Top takeaways from this Back Talk Doc episode
★ Most spinal issues probably don’t need surgery. Even as a surgeon, most patients Dr. Dyer sees can address their issues with conservative care — physical therapy, spinal traction, or injections. “The only people that we need to consider for spinal fusion are typically those that have problems where they require so much bone removal that they require stabilization of the spine,” he says.
★ Smoking is a major risk factor for spinal issues. It can affect people with problems in either the neck or back. “We typically do not like to even consider spinal fusion if somebody is using tobacco,” Dr. Dyer says. “If they've used it in the past, it's likely that they get degeneration of the disk and that can lead to accelerated adjacent-level problems.”
★ The direction of spinal surgery can influence the healing process. Dr. Dyer explains that when a surgeon uses a lateral approach, patients don’t often experience a lot of pain. When the best course of action involves the posterior or anterior approach, patients can experience more pain after surgery. “In general, there's more pain with the posterior approach, but it's still the most common way because it does provide that direct view of the nerves,” he notes.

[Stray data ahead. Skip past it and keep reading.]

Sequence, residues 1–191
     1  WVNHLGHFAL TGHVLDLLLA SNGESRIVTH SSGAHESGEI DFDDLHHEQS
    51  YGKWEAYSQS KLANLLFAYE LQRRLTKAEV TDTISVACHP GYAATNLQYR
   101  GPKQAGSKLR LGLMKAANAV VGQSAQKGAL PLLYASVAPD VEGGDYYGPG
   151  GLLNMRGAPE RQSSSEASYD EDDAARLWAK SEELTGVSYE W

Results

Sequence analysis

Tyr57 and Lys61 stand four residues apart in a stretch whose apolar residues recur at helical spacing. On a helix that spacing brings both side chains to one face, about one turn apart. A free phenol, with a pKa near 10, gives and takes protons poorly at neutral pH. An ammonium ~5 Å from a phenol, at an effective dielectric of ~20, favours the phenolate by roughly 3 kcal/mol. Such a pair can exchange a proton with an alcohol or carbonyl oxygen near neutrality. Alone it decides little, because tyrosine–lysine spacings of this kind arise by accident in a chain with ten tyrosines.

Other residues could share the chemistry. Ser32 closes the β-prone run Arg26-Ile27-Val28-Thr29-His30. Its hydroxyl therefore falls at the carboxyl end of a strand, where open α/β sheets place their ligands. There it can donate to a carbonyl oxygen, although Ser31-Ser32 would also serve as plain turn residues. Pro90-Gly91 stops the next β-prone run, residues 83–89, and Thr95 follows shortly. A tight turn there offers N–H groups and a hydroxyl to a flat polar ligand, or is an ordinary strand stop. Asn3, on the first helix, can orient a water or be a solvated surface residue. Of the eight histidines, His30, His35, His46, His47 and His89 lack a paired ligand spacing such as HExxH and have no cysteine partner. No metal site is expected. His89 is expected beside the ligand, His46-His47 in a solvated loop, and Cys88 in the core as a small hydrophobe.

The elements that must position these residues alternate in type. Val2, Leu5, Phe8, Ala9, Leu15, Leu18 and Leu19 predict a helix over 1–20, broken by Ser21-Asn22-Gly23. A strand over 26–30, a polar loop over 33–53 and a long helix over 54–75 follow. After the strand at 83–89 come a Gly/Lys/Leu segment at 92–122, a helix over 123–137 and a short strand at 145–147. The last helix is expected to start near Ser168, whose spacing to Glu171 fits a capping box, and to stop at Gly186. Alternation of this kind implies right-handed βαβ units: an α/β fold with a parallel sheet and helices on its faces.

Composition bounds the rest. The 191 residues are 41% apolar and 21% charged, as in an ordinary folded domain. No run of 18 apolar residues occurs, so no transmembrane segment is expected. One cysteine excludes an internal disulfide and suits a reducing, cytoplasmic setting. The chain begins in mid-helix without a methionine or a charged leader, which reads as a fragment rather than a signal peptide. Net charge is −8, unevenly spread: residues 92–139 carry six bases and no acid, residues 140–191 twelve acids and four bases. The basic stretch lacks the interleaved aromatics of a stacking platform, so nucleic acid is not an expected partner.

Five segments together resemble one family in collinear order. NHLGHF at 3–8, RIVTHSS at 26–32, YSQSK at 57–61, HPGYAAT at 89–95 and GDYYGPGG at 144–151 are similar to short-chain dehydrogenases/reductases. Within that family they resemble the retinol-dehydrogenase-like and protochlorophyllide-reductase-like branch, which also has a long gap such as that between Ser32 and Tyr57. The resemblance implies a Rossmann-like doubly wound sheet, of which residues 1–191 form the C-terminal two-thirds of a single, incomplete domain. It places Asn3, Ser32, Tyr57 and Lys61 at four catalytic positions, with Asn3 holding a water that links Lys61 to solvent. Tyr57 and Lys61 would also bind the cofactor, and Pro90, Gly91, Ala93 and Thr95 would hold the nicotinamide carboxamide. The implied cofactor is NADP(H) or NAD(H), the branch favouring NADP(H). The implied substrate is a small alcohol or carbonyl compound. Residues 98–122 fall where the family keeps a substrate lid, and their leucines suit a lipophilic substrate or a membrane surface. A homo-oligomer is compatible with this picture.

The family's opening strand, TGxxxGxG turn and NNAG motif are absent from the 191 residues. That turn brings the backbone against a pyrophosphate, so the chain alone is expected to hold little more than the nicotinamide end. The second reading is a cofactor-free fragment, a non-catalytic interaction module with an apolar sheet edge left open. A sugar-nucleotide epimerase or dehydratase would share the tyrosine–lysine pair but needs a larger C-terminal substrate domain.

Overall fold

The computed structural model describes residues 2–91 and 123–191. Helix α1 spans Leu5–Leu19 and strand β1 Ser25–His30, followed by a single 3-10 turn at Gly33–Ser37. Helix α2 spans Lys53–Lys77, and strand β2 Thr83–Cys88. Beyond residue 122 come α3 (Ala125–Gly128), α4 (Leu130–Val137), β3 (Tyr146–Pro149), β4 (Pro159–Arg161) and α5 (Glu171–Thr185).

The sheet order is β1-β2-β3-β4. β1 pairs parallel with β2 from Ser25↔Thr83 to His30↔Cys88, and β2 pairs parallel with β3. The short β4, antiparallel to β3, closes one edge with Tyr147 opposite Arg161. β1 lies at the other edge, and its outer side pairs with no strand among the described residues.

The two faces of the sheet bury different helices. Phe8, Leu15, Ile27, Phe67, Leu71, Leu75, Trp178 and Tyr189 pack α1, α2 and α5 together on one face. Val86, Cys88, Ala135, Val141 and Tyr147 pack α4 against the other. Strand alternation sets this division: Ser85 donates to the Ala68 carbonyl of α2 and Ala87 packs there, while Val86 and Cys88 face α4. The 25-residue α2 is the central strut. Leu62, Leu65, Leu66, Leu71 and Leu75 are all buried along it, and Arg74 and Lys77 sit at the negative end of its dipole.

★ Spinal fusion techniques are advancing rapidly — which is good for patients. In the past five years, technology has advanced so that surgeons can be more precise with placing screws, thanks to MRI and CT images. In addition, robotic tools have made surgery much safer and much easier to heal from. “For many people, it’s just a better thing all around,” Dr. Dyer says.
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[01:45] Introducing the physician: Dr. E. Hunter Dyer is a specialist in degenerative spine disease and endoscopic spine surgery, among other things.